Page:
Surprise! As planned earlier from previous post (LT832 article) check out my recent ultra budget R/C race track project! ...now i can start staying lazy at home and save me fuel to go out to race track..hohoho! An ultra simple DIY indoor track with just $5 dollar to spent building it and also it took me just 1 hour to build after the tiled floor completely cleaned up. Now there is a purpose for me to build and own micro racer..muhahahaha! The track was build dedicated to cater my need to race my 1:32 scale racer, small track yet huge fun!...however it won't fit my Kyosho Mini-z or anything above 1:28 scaler. If you remember my previous review about the LT832B buggy then you knew this track is already coming its way.....and as i have planned before i've already accumulated total of 3x LT832 models from various variant; buggy, short course to truck version all been converted into replica Tamiya buggies of my choice (Actually i just re-scaled my previous 3d print works). However instead of the goal of accumulating 4x models i'm happy enough with just 3x because of limited budget but definitely 3d printed kit will always come in hot more often when i have time design it. The track size is about approximately 920cm (length) x 280cm (wide) on ceramic tile surface having driving lane width average of 60~70cm enough to fit 2x LT832/Losi Micro-T models racing side by side with some extra slacks to swerve around freely. Because the track is smaller than 'competition' standard i have to reduce my throttle end point to 70% to avoid over shoot the track length, having moderate speed to twist and turn around the track. Overall track circuit designed so to have slalom, high speed straight line acceleration, speed turns and jumps enough technical challenges to test both the driver and the models technical capability.
My DIY indoor track specification:
Size in length x width (cm): approximately 920cm x 280cm
Driving lane width (cm): approximately 60cm~70cm
Flooring: Ceramic tile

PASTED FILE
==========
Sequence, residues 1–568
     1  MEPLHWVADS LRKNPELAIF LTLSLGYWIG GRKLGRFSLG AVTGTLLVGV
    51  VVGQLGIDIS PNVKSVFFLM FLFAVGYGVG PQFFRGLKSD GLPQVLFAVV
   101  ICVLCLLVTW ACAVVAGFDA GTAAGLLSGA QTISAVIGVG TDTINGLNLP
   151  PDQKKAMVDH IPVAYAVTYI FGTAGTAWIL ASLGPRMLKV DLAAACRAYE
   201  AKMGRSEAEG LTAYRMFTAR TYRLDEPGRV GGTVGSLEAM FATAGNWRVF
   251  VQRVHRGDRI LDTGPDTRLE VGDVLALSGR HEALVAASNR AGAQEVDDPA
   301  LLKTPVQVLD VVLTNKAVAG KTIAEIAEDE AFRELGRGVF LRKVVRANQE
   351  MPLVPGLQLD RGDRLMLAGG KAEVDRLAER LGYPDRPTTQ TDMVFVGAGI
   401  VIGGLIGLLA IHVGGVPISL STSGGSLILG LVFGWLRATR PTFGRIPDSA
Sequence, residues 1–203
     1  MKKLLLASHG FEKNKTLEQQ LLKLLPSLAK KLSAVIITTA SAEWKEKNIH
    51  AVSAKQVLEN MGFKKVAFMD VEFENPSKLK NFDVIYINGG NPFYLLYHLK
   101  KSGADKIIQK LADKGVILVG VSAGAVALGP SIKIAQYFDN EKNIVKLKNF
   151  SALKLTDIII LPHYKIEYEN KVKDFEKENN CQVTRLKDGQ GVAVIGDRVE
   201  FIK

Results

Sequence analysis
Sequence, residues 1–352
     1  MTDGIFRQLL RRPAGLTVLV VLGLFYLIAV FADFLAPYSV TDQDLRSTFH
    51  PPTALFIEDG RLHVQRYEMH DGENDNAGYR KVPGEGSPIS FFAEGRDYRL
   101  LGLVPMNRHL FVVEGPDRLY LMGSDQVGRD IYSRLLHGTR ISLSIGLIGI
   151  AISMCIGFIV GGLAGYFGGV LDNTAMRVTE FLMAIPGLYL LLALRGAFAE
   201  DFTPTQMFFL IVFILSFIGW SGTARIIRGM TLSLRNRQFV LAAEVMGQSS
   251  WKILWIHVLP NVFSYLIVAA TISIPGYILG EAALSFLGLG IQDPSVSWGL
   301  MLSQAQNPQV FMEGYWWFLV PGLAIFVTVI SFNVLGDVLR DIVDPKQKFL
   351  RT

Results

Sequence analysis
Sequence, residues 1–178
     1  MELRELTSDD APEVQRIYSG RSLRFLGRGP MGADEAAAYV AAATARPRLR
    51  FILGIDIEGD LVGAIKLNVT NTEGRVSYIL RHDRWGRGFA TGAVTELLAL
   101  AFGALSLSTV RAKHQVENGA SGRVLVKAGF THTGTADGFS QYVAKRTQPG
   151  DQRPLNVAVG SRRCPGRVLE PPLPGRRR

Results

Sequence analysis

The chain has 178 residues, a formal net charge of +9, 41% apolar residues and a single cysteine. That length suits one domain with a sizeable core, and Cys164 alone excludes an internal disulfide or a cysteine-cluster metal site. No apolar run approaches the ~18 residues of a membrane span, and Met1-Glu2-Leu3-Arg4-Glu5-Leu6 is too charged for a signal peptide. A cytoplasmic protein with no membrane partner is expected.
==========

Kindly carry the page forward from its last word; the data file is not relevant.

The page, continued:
Track wall/barrier/railing: 5mm Nylon rope
Track characteristic: slalom course + high speed acceleration, jumps, high speed turns and switchbacks
Track ornaments: Jump ramps, mini tack bumps and cones
Model suited for: 1:32 scale LT832/Losi Micro-T off-roader with rubber compound tire.
Average building cost: USD$5
Periodic maintenance: Sweeping the tile floor only.
*Disclaimer about my track design
If you own a stock out of box RTR unit of 1:32 ERGOFLY/JJRC LT832B/T/S with no modification as depicted from my previous article here and you attempt to replicate my track design so you could enjoy the model.. please be aware that this track design cater for electronically modded LT832 series which have better steering precision (true proportional) so it can run the track with smoothly. Running a stock non-modded LT832 will results in harsh handling and disappointment. If you need support visit our forum here: https://www.rcgroups.com/forums/showthread.php?3110138-JJRC-LT832-1-32-RTR-Buggy-Stadium-Truck-Short-Course-Truck
How did i build the track?
Its so simple to build! Everyone can do it without extra brain power as long you have ample space for 1:32 scale or any scale to roam about without struggle to drive straight line or cornering. For my track i build on floor with ceramic tile.
For the material you'll need:
Nylon rope with 5mm diameter